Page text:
My former teacher at the University of Chicago, Wayne Booth, wrote an essay entitled, “Is There Any Knowledge that a Man Must Have?” In it, he discussed the aims of liberal education, and while I suspect he didn’t have in mind such a mundane task as sewing a button, Mr. Booth possessed a breadth of interests that surprised most.
On a recent winter trip to Seattle, in the midst of uncommonly cold weather (as confirmed/alleged by various longtime locals I happened to come across), I recalled Mr. Booth’s question when the buttons of my overcoat (the only coat I had brought for this weeks-long trip) started popping off.
The coat was barely adequate to fend off the chill in the first place, and it would certainly be useless to me if it couldn’t close. At the same time, I had never in my life sewn a button. I think my only sewing experience of any kind was a crafts project in elementary school. I didn’t plan to spend the rest of my trip indoors or furiously hugging myself to keep my coat closed. (Nor did my budget or temperament allow for the purchase of a new garment.) So I had a choice: take the coat to someone to fix the buttons, or sew them myself.
How hard could it be? I thought. So I bought a rudimentary sewing kit at Walgreen’s and, with the internet as my guide, I got to work. Here are the malefactors (shown with size references):
You can see that there is not only the main, larger button for the front of the coat, but also a smaller (let’s call it an anchor) button that attaches to the interior side. I didn’t fancy the idea of cutting my teeth on this pernicious “double button,” but I figured that one doesn’t choose the crisis, only the response.
Once I got going, I realized that it was indeed a simple operation, though none of the videos and guides I initially consulted made clear how to accomplish the final knot that the button required. So I improvised a little, and though my technique wasn’t entirely orthodox, the button held well enough. I tackled a second button with more assurance, but left too narrow a shank this time, meaning that the gap between button and fabric was barely wide enough to accommodate easy buttoning. But it worked. And voila! The coat, she is done:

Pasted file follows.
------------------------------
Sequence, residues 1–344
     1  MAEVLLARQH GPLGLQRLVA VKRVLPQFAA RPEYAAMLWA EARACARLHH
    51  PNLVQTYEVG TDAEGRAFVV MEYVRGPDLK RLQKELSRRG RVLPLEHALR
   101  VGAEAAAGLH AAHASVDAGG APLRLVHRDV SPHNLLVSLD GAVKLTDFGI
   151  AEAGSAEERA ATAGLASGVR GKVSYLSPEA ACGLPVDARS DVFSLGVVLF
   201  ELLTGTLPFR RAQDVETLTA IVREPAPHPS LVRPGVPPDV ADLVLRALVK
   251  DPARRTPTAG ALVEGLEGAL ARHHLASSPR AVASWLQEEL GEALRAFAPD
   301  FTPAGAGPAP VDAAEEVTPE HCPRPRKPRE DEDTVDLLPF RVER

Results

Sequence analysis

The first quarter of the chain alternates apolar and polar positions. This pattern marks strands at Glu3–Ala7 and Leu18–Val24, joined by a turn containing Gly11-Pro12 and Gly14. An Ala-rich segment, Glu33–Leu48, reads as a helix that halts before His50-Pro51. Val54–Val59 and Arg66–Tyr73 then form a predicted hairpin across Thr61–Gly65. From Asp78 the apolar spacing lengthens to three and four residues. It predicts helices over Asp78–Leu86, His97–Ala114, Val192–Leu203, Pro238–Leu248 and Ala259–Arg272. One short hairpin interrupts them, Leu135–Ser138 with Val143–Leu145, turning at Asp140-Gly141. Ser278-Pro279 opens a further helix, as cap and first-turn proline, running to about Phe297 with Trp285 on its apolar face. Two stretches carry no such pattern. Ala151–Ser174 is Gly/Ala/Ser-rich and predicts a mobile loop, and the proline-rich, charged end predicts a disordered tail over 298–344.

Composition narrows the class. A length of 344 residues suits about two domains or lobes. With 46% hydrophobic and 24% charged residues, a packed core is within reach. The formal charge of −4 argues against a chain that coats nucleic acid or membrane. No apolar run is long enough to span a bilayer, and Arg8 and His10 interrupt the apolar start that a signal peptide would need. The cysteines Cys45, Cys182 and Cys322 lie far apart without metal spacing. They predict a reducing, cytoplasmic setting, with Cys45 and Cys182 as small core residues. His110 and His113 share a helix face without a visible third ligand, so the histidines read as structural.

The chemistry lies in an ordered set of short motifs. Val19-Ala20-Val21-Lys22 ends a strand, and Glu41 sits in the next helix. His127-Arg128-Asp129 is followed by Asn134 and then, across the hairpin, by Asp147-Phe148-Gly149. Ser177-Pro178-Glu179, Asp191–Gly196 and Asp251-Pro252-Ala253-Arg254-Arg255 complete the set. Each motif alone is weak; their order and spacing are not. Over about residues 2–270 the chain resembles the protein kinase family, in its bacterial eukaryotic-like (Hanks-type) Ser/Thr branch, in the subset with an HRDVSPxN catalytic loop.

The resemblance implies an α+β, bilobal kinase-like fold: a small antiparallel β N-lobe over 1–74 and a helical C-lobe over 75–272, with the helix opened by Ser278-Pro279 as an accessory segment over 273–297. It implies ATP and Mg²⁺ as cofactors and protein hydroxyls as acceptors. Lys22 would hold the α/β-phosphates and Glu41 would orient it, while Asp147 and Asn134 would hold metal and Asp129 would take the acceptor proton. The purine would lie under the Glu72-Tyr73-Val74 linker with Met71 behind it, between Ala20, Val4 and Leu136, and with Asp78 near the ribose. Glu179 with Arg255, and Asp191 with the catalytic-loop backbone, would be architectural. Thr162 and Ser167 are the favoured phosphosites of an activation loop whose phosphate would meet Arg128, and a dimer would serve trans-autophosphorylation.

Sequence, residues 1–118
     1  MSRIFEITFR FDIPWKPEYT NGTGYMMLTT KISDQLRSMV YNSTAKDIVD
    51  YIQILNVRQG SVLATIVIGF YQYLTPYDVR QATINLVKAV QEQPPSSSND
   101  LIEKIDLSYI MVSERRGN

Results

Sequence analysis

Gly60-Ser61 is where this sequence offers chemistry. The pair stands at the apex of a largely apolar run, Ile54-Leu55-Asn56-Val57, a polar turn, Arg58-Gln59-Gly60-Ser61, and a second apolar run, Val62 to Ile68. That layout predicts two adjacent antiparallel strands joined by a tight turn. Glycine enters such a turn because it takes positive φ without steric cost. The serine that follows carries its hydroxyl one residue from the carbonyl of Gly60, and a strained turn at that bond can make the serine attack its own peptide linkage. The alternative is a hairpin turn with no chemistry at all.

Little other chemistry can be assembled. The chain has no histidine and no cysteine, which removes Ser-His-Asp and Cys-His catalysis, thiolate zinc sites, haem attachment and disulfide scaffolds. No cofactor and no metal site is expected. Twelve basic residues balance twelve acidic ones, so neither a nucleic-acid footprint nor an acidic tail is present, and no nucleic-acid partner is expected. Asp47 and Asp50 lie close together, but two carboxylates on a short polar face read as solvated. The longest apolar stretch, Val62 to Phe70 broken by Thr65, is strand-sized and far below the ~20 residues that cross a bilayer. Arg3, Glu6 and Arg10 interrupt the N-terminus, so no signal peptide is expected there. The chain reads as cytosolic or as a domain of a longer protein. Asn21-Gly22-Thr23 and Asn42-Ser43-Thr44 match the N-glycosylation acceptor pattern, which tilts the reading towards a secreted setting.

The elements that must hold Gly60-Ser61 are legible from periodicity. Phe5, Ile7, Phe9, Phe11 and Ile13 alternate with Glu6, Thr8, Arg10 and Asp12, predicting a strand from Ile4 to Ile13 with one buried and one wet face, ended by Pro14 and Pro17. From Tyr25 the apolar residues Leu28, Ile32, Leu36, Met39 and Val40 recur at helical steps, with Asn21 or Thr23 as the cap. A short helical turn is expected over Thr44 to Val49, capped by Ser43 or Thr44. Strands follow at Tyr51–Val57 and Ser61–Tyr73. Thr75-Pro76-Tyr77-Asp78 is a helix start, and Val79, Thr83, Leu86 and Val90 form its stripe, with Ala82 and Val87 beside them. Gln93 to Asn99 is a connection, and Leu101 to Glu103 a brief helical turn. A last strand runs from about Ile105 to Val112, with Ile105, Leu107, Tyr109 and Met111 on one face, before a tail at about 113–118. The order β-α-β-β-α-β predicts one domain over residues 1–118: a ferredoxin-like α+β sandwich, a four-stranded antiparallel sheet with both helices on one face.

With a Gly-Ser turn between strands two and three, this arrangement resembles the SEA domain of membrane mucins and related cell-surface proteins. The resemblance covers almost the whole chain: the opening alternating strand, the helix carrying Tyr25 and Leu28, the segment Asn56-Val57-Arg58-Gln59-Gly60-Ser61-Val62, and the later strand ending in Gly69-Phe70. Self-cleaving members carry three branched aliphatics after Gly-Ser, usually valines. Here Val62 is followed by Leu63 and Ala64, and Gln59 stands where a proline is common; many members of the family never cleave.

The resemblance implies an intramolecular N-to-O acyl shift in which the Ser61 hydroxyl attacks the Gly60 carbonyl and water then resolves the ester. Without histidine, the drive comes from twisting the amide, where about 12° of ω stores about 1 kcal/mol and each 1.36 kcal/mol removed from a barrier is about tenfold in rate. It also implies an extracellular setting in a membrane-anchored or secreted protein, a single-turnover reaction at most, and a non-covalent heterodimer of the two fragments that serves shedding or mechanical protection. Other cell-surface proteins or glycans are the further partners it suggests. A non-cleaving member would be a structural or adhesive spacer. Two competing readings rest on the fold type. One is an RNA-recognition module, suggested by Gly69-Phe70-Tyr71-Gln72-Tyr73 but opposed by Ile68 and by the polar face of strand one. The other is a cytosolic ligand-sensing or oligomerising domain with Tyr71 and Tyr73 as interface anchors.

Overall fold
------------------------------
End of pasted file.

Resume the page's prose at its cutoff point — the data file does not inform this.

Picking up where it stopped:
I returned to the question: is there any knowledge that a man must have? (Or as Mr. Booth revised at a later, more politically correct time: what knowledge, if any, should everybody pursue?) Specifically, is sewing a button a skill that everyone should learn? Once I had done it, I had to say no, I didn’t need to have this particular knowledge, and if I had a personal handmaiden to sew my buttons and darn my socks till the end of days, I wouldn’t feel like I had lost some crucial piece of my humanity.
But the question is not about specific fragments of knowledge. Rather, it asks of each of us what it is that we need to know in order to be truly free as human beings. I wouldn’t say that learning to sew a button was an Olympian achievement, but I did enjoy the small freedom I felt in doing it myself, and knowing that when the time comes, I could do it again.
As soon as I join the ranks of professional seamstresses (we really need a masculine form of that word), I will announce the pricing for my services.
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Wayne Booth was a great man, a great humanist. I was proud to know him, and only regret that I never got to know him well. Though the academy has a reputation for snootiness, I never knew a professor so at ease with bringing together the prosaic and the divine. I trust he would not begrudge me the use of his good name and good words in pursuit of matters sartorial.
“A man can be ignorant even of Shakespeare, Aristotle, Beethoven, and Einstein, and be a man for a’ that – if he has learned how to think his own thoughts, experience beauty for himself, and choose his own actions.” – Wayne Booth